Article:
Carat Interactive is helping ailing Xerox Corp. launch its affiliate marketing program, initially a business-to-consumer proposition.

Bob Tubbs, Xerox manager of corporate e-business and business development, says the shop helped target partners where it might place banner ads.

Carat Interactive got its start in 1995 as a unit of Carat Freeman formed to help clients use Internet buttons, banners and interstitials, headed by Ms. Fay. Carat opted for a branded unit rather than leaving it in-house, largely because of financial accounting and a setup that allows it to grow especially quickly, Ms. Fay says.

In addition to Boston, Carat Interactive has offices in New York, Chicago, Los Angeles, San Francisco and 16 foreign cities. Ms. Fay says the unit has $200 million in worldwide billings, making it a leader in developing and executing interactive marketing strategies and digital media programs to help clients build brands and gain customer insight.

Brian Cavoli, director of innovation for Carat Interactive, says being independent helps the unit stay ahead of innovations and disclosures, which will be even more essential as wireless and broadband advance.

"As fast as technology moves, there are more opportunities to reach a customer in new ways. You can get at them through wireless so that you can reach them when they're not at their desks or home," he says. Carat Interactive "provides for a centralized place of learning and experience ... Instead of being part of one office, we are able to tap into Carat around the country. More importantly, they can tap into us."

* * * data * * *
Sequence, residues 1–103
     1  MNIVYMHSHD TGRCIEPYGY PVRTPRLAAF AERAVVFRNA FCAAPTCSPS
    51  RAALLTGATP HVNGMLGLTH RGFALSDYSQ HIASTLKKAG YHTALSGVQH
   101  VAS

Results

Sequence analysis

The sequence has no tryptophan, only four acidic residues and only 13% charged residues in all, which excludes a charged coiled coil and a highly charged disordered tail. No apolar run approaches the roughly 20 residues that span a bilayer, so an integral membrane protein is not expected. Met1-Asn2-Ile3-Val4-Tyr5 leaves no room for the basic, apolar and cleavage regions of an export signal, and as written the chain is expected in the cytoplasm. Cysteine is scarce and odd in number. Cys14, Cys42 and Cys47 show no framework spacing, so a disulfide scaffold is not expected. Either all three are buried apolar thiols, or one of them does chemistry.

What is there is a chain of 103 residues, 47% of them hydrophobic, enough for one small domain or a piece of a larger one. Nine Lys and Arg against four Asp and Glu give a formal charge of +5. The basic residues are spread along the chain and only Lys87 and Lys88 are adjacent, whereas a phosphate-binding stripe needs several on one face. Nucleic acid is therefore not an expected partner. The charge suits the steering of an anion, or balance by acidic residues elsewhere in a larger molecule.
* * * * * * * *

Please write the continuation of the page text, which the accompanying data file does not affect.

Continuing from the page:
Ms. Fay says she and her staff don't participate in all of Carat's new-business pitches, but they can be brought in after a deal is sealed or work has begun. They also pitch their own accounts. She discounted concerns that clients would suffer amid internal turf wars over money.


"If you're going to focus on the minutiae of billing dollars shifting from one medium or another, you end up fighting over scraps," she says. "But if you focus on doing what's right for clients, the money will come naturally. You produce great work, and more work will come your way."

She and other planners say media strategies have better penetration when one agency handles all aspects of buying and planning, rather than when it is farmed out to competitors. She plugs Carat, saying its global reach and strict media focus can provide clients with broader services than Web-only agencies or media agencies that grew out of creative agencies.

"At our agency, media always comes first. With creative agencies, the creative product tends to drive the entire program," she says. "As you deal with segmented markets, highly targeted campaigns, I think that media needs to come first."

Mr. Nail says Carat's move shows its commitment to the genre, which could help it lure talent.

"They're making a statement that `We have a really strong interactive unit.' They're not shoved off in some back room of a traditional agency," he says. `Interactive-at traditional agencies-does not get any respect. People who are really good and experienced in [interactive] don't want to go and work there."